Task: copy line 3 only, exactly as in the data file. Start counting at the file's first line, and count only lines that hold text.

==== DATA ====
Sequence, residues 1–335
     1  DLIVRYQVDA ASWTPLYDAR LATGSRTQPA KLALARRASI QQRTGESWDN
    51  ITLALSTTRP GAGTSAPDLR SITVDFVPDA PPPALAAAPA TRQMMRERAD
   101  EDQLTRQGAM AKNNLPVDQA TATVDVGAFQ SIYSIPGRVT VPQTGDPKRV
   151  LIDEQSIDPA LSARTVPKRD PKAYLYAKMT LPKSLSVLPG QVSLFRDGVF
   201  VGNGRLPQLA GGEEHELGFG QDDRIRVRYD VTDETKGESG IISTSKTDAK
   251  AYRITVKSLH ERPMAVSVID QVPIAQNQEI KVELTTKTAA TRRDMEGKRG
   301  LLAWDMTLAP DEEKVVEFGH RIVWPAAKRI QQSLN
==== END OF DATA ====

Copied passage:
    51  ITLALSTTRP GAGTSAPDLR SITVDFVPDA PPPALAAAPA TRQMMRERAD